It’s this hopelessness that made me mention not to get attached with team members. If you overcome that step, then the hardship of losing a strong adventurer won’t be as soul destroying. To overcome the hardship of Darkest Dungeon, you need to make full use of the unlimited supply of mercenaries willing to fight for you. In other words, becoming a heartless bastard is the best way to proceed forward in this game. Each of the various classes has a desired position in the formation of four and also will have a preferred distance of attack. This is a game that makes players truly think about class abilities and party composition – it’s so vital to understand as it can mean the difference between survival or death in the crucial moments of battle. There are many classes included, from something as standard as the Crusader, who is a knight that sits on the frontlines and can dish melee damage, the Houndmaster, who uses his faithful dog to do some vicious damage, to things like a Plague Doctor, who sits at the back and specialises in poisons and debuffs, while a shapeshifter, who changes into a monster to deal incredibly damage, sits in the middle, but his ability comes with the cost of adding stress to the rest of the party when he transforms into beast mode.
The balance of great combat and strategy keeps Darkest Dungeon from becoming monotonous or boring. Players always have to be on their toes, and with so many ways to experiment with the classes and the turn-based combat, even the repeated nature of the game is repelled. Throw in the stress mechanics that can cause your fellow adventurers to receive a random buff or debuff, usually the latter, to their mental state throws a spanner into the works. With so many diseases and mental hardships featured, this feature remains a surprise for a good few hours. I even do not mind some of the reused assets, which are brought in for enemies that appear in the harder dungeons – the typical colour changes of existing enemies – just because the gameplay itself is brilliantly crafted. Be it playing for 20 mins or seven hours straight, Darkest Dungeon digs deep into scratching an itch to push on forward and finish off a boss or two on the quest list, and there is a lot of them to get through in a game that can easily last over 100 hours.
While everything that was available on PC (apart from Steamworks) and PS4/Vita is here in the Switch, be it through the main game and its available downloadable content, it’s not without some issues. The game itself is well ported in terms of performance, although it runs at 720p in both docked and handheld mode. Luckily, the 2D art means that the game manages to stay looking good on a 4K television without appearing to be suffering from poor image quality, which happens often with 3D visuals. The sound remains intact, with the brilliant narrator delivering his dreaded dialogue as things happen in the game. It’s not quite on the levels of Bastion, as there is more repeated dialogue here, but the voice actor does a great job in setting this tone of despair, hopelessness and evil throughout the game, something that fits well with the brooding visuals.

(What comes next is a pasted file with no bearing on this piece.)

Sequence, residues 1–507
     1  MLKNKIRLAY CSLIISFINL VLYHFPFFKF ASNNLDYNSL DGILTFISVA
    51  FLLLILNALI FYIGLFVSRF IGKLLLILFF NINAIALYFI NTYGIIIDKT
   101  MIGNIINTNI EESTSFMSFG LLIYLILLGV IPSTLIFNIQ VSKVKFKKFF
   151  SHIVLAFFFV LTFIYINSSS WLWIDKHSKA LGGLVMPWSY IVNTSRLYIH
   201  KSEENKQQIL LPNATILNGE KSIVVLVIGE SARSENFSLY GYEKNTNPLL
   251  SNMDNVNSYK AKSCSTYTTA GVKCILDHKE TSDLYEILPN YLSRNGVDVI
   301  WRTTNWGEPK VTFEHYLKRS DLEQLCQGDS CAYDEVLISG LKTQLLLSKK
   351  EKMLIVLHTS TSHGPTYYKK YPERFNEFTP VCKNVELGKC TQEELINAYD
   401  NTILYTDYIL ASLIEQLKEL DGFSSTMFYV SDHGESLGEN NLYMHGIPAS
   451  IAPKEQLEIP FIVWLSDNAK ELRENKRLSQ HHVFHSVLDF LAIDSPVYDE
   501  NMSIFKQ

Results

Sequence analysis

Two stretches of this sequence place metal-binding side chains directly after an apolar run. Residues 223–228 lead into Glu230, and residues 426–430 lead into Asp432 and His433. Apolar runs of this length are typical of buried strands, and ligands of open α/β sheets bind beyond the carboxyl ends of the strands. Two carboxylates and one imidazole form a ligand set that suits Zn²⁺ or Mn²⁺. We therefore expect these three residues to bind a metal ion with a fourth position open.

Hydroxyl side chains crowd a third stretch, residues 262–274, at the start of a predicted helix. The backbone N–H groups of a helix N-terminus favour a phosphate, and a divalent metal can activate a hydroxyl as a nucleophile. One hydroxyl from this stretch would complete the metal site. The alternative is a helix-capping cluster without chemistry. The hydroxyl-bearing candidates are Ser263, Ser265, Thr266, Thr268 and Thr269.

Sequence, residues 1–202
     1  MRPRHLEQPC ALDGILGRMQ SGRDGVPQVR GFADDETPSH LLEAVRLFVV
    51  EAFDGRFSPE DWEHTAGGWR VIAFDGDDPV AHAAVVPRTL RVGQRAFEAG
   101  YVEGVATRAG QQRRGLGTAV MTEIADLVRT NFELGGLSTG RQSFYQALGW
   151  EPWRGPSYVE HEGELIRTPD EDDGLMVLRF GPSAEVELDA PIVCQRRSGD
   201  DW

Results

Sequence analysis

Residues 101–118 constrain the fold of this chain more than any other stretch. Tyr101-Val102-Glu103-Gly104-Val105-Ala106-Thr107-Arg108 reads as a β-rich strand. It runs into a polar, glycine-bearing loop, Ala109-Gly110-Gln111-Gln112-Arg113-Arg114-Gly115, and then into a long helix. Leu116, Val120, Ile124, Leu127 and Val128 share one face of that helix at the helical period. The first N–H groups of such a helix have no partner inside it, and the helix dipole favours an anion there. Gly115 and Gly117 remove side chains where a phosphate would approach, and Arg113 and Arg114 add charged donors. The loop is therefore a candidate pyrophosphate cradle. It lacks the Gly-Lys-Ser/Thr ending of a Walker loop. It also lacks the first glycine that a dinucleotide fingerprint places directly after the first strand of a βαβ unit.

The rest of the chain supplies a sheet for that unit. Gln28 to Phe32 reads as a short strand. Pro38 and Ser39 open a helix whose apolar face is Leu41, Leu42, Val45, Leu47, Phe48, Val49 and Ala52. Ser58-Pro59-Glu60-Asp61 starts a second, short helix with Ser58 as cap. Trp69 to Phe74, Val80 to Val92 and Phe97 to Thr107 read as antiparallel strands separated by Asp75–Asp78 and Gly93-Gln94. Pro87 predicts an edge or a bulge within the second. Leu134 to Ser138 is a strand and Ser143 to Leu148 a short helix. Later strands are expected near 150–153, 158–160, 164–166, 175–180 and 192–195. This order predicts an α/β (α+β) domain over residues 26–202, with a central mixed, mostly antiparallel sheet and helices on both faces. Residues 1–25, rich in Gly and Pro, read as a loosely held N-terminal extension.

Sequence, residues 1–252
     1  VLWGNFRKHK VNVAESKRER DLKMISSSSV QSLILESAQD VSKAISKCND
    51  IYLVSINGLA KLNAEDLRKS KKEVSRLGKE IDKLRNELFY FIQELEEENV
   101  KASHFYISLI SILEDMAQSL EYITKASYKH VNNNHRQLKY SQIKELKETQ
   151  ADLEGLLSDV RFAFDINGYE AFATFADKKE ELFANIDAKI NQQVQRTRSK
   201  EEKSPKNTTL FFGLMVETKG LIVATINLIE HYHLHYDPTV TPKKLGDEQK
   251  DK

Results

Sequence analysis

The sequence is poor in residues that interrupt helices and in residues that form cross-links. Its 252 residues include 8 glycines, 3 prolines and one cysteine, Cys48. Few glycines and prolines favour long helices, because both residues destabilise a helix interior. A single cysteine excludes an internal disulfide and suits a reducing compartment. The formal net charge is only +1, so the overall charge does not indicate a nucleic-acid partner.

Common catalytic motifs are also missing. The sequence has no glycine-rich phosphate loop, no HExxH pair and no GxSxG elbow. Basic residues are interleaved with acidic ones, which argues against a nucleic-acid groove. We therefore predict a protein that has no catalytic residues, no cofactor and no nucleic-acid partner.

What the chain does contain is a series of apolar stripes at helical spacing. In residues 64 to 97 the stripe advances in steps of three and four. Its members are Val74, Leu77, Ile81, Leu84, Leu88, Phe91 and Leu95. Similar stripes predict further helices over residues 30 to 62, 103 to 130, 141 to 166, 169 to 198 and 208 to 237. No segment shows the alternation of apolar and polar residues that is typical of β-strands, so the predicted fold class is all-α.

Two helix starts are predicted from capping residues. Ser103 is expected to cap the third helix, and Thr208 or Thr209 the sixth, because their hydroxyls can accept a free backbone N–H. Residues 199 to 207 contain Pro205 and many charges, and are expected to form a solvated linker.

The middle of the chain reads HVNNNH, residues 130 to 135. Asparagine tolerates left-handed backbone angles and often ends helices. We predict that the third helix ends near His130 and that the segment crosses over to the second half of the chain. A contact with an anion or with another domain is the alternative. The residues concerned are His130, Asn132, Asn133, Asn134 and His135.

Unfortunately, the move from mouse to controller takes some getting use to, as controls are convoluted, with some instances requiring combination presses to access areas of the menu, then moving the sticks when the button combinations are pressed. It’s not user friendly, taking time to get used to before settling in. The issue is I could easily see this being a problem when stepping away from the game for a while to then come back in a few weeks and forgetting that the controls all over the place, needing to learn them all again. The touch screen helps somewhat when playing in handheld mode, but because the game has a stacked user interface, it’s easy to accidental touch the wrong part of the UI. This is my only real issue with the game, everything else has had a fantastic transition to the Switch, offering a great game to play at home or on the go.
Darkest Dungeon still remains a fantastic, dark RPG on its move to the Switch, one that offers a challenge stacked with replayability. It’s one of the few hardcore RPGs that I can stick with without getting annoyed or bored at its difficulty. It’s a shame that the deep and rewarding gameplay is spoilt by poor controls, but once used to their awkwardness, what remains is a brilliant release for Nintendo’s system. Darkest Dungeon is suited to the mobility of the device, thanks to the short dungeon times. It is a game that will keep on giving players constant nightmares and hardships as they slowly become engrossed in the gameplay loop, while probably going insane at the same time trying to go deeper into the lair of evil that is known as the Darkest Dungeon, a game that is one of the best indies available right now on Switch.